Pile #12 “The Eye of the World” by Robert Jordan

19 Apr

My first ‘serious’ fantasy book review is finally upon us!

As always (and for the next to the last time) the original review can be found here: “Eye of the World” http://www.amazon.com/review/R32L1PFWZI7WVK/ref=cm_cr_rdp_perm

Rand al’Thor is a farmer’s son and a sheepherder from Emond’s Field in the Two Rivers. Or so he thought. But then, one cold, supposed Spring night, strangers come to his small village, followed closely by nightmares out of legend. He finds himself fleeing his home with childhood friends Mat and Perrin, and Egewen, his childhood sweetheart, in the  company of an Aes Sedai (a woman who channels the One Power), Morraine and her Warder Lan, -and soon the village Wisdom Nynaeve- but one step ahead of minions of the Dark One (the supreme evil being in this world).

Separated from their guides and nearly from each other at the site of an ancient evil and traveling throughout the land, the friends make their way by smaller group  not without further difficulty to the city of Camelyn, capital of Andor, where they eventually reunite, though not happily.  From Camelyn, they find themselves Traveling along shadow-tainted Ways to reach, along with a new companion, an Ogier, the legendary Eye of the World where they uncover evidence that the Seals on the prison of the Dark One are weakening, and in some cases failing. Oh, and a long expected, long feared prophecy is unfurling -The Dragon Reborn may walk the earth once more. Just what the doctor didn’t order.

An Epic in the Making

This is but the shallowest glimpse of the epic story that Robert Jordan unleashes upon the reader with The Eye of the World, first published in 1990 (though sadly he did not live to finish the tale, though he did leave enough material behind for another to complete the final 3 volumes). Like the wind itself that “rose in the Mountains of Mist” but, which itself “was not the beginning”, for “There are neither beginnings nor endings to the turning of the Wheel of Time” which touches everyone it encounters without stopping -and imitating its ebb and flow, the narrative goes rolling on till it assumes hurricane strength, and even when things have calmed down again, it is but the calm before the storm, a storm called the Tarmon Gai’don (The Last Battle).

This is no simple fairy tale, or traditional fantasy quest. Good versus evil in spades, and yet Good is not unsullied. Characters and heroes aplenty, though not everyone is as they seem.  Readers are treated, even in as massive a corpus as Jordan has bequeathed us, only to a sliver of the vast world that lies beyond the pages. What  remains concealed is so much greater than what is revealed.  Jordan provides us with a slowly unfolding yet complete in itself world.  We see things, not from the point of view of an omniscient-third person, we know only as much as the viewpoint character can and does know.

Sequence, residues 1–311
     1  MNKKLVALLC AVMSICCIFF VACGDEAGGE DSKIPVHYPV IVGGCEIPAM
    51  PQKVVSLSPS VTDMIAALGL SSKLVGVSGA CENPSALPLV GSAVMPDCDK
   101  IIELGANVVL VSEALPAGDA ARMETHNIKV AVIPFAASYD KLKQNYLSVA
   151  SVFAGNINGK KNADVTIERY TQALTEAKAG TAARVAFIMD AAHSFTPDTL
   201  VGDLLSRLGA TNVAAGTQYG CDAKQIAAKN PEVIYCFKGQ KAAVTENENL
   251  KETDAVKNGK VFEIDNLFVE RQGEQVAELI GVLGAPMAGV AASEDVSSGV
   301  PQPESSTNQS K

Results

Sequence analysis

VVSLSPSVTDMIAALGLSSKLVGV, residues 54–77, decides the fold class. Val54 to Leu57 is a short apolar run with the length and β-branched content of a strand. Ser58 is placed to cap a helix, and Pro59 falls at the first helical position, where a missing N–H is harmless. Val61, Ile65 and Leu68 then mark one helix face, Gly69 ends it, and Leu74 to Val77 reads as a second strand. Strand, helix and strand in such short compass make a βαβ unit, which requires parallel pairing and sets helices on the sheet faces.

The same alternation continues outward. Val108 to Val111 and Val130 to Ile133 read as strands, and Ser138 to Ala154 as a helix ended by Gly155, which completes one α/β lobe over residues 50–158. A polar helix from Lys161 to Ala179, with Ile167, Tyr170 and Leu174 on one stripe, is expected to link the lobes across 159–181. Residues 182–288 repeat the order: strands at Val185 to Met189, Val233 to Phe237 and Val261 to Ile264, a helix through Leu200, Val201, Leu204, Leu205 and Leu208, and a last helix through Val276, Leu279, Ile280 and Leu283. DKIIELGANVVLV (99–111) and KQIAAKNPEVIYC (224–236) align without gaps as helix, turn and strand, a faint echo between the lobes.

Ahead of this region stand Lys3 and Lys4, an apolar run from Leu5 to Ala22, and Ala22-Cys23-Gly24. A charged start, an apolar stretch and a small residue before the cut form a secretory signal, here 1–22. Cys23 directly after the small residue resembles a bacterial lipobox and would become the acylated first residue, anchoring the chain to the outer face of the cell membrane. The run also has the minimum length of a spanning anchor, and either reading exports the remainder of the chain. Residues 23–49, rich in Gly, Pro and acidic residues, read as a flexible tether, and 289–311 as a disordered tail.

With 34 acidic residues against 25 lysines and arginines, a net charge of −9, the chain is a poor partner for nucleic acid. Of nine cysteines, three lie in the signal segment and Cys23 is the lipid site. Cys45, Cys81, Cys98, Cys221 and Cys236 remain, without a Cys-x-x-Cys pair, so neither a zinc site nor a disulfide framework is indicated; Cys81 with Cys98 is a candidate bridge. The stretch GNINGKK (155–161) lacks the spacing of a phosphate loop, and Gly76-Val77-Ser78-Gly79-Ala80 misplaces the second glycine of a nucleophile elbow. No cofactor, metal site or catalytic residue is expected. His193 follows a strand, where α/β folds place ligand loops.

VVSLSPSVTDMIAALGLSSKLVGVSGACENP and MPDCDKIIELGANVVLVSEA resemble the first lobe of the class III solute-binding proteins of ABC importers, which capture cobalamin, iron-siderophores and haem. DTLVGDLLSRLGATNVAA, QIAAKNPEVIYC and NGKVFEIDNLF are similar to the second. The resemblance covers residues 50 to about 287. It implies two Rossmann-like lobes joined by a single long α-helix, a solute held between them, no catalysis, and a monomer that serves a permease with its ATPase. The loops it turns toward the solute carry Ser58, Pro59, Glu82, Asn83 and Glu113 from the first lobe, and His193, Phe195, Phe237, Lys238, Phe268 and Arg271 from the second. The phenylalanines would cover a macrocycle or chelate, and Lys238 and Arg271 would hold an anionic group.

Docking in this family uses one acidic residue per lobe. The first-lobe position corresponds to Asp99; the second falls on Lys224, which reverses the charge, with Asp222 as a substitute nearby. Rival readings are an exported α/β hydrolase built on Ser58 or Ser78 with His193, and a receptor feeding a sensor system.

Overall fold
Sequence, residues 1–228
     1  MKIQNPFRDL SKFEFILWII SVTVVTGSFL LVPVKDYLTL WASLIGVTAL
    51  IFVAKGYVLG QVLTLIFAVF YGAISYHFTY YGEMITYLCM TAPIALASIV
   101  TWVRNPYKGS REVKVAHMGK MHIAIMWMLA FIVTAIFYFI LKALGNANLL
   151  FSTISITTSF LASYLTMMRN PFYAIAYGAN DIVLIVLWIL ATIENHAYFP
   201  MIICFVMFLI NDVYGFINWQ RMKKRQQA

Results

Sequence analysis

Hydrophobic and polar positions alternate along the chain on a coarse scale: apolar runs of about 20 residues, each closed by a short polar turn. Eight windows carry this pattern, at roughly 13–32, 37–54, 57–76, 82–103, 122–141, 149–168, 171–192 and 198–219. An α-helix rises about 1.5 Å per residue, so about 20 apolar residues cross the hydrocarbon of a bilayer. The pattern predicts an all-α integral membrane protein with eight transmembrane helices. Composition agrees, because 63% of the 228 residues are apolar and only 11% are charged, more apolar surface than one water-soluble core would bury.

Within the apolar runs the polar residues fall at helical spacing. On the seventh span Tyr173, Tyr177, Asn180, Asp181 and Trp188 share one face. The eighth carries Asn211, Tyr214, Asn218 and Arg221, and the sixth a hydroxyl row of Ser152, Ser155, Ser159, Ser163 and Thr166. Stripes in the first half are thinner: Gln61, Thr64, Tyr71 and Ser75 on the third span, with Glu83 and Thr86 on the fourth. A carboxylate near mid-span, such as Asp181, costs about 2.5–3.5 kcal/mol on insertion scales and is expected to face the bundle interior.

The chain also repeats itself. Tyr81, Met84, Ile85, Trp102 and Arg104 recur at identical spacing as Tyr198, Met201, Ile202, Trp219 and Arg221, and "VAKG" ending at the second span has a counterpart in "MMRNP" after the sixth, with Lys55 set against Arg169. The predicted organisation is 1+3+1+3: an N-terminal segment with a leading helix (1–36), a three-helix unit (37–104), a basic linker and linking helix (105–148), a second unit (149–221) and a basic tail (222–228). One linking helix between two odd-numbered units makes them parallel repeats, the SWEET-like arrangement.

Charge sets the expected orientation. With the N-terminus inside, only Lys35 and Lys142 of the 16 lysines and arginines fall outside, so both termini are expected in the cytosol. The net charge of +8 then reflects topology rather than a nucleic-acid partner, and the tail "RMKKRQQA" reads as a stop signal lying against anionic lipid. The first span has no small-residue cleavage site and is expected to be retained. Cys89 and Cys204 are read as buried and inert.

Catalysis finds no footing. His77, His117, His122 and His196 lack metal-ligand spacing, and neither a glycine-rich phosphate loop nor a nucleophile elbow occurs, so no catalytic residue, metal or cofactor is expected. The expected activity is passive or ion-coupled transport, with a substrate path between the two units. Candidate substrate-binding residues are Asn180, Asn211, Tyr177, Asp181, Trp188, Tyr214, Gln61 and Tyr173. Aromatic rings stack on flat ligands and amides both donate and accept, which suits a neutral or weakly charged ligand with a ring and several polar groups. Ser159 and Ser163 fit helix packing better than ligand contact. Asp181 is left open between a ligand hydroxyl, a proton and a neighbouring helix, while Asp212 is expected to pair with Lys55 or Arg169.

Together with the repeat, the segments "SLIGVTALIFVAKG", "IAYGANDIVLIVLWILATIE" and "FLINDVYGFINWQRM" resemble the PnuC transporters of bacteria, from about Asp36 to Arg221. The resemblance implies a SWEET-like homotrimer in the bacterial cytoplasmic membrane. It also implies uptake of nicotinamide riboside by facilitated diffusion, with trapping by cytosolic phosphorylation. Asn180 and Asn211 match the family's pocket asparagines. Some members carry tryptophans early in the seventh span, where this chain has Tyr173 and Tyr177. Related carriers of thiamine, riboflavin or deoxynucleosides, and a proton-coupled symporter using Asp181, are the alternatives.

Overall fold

On the one hand, we are privy not just to character’s  emotions, but to their yearnings, their frustrations, their strengths and their limitation, in short, their whole way of thinking.  No one character, or point of view, has all the answers, most people have only partial answers, (as well as reacting to movements of the Dark One and his minions, as opposed to acting themselves).  And, many characters  have no answers -they hardly have the questions to ask- which doesn’t stop them from trying to put their own answer (even to other people’s questions)

One Thing (Only)  is Missing

Jordan’s world has many things:  magic (of a sort), political intrigue, family bonds,  glimpses into the life of high and low, a long history. The one thing missing in Jordan’s world, though, is hope. And trust. Two. The two things missing in Jordan’s world are hope, trust. And love.  Three.  The three things most basic to a happy ending missing in Jordan’s world (so far) are hope, trust, and love.  This leaves a vacuum, and we all know that nature -even fictional nature abhors a vacuum.  In this instance, that vacuum is filled by fear.  Fear, suspicion, and manipulation through power is the driving force in a world touched by the Dark One, a world every much as tainted as the male half of the Source at the end of the War of the Shadow.

This is a world that has lost much since the Breaking of the World ended the Age of Legends.  Even, or especially, in Tolkein’s Middle Earth, there was hope, the hope, that  if the One Ring could be destroyed then Sauron’s evil could be thwarted once and for all; there was trust in the Fellowship of the Ring, and in Gandalf; and there was love, the love of home which drove Frodo and Samwise beyond even their own endurance. In Jordan, though, this hope, this trust, this bond of love has been overthrown by the taint of the Dark One. People cry out for salvation, but they fear the very salvation they see, afraid of its price -the Breaking of the World anew, as in the War of the Shadow.

On the other hand, most of the character types do not come off as particularly admirable, especially the ones belonging to particular institutions (in fact I cannot think of one Whitecloak that I do not despise).  Its a muddled world that Jordan introduces us to. It is also a hard world,  much harder than most fantasy worlds, and though much attention and possibly love is lavished upon it’s creation, there is not much joy to be had of it.

Tangling With the Reviewers

Many (mostly Amazon) reviewers who gave the book two stars or less, complain about the one dimensionality of the characters, and his overabundance of description. and long passages of ‘filler’.  Well, most people start out as one dimensional until we  get to know them. And, these same reviewers also complain about the repetition of description. I wonder if they ever read the unabridged “Illiad”, or the “Odyssey”, or other epics that began life as oral poetry, where repetition is necessary to fix objects in the hearer’s mind.